What is a Neonatologist?

One of the subspecialties within the realm of pediatrics is called Neonatal care. A pediatrician specializing in neonatology takes on an additional three years of education and hands-on practicum to develop skills to care for newborn babies. They may also require other certifications through a board or association, depending on their country of practice.

As physicians complete their neonatology fellowship, they usually continue to work in their original pediatric clinic or hospital treating children. This allows them to retain medical practice in their field while developing new skills and obtaining more technical information on newborns.

A neonatologist is always a pediatrician, but a pediatrician is not always a neonatologist. When parents-to-be are seeking a doctor to deliver their baby, the first choice is often a neonatologist over a pediatrician.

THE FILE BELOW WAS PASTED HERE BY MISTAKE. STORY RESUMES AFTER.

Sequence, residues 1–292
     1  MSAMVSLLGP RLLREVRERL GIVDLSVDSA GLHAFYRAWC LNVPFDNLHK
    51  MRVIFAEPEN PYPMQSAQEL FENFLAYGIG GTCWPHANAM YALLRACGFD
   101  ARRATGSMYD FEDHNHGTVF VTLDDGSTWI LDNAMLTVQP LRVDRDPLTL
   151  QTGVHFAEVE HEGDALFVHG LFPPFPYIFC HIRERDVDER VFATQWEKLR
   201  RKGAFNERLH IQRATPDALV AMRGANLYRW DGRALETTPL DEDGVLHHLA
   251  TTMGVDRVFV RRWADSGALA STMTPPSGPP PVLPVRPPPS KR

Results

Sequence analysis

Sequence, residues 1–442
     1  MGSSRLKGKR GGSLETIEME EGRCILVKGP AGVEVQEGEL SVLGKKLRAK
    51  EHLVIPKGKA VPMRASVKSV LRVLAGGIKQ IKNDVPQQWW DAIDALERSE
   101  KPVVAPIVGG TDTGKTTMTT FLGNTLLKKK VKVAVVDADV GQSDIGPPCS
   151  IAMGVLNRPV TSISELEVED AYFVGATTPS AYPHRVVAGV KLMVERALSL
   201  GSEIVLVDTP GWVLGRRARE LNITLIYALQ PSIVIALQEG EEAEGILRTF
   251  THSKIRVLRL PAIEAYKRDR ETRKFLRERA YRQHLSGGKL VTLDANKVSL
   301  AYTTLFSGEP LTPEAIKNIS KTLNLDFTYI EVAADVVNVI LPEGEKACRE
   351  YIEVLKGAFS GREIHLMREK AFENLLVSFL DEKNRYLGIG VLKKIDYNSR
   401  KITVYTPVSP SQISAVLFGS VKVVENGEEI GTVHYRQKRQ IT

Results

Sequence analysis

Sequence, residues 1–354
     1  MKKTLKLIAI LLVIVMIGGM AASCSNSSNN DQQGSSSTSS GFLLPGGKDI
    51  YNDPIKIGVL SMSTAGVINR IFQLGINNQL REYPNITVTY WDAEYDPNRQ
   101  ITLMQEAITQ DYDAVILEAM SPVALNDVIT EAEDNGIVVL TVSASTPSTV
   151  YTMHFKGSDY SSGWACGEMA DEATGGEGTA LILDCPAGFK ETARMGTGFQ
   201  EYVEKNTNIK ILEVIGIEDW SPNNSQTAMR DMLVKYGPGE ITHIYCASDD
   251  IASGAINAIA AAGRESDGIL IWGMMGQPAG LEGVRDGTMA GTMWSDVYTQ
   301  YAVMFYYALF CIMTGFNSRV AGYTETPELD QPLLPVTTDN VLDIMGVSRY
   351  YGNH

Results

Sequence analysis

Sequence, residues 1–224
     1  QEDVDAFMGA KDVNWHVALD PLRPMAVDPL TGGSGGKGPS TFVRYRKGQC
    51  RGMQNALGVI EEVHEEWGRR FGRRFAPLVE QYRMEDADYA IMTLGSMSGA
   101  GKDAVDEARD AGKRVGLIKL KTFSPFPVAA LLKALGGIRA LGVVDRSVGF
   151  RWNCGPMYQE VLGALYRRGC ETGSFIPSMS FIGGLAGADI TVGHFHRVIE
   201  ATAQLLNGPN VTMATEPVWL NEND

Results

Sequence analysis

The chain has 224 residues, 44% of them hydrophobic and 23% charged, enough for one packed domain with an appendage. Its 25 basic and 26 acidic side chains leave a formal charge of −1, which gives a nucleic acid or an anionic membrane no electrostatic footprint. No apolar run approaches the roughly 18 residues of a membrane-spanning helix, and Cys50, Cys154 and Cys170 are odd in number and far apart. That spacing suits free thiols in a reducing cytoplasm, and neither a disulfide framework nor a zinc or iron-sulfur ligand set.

What other differences are there between a Pediatrician Differ and a Neonatologist?

The duties and obligations of a pediatrician differ from a neonatologist in a variety of ways. As a general medical practitioner, a pediatrician may see children from birth to adolescence and treat everything from ear infections to broken bones.

Neonatologists, on the other hand, generally care only for newborn babies to babies aged one-year. They treat newborn illnesses, care for premature babies, and perform various other duties.

Aside from a neonatologist’s responsibilities compared to a pediatrician, the two doctors also use very different tools. Due to the size of the patients a neonatologist sees, the tools they use are very tiny compared to a general pediatrician.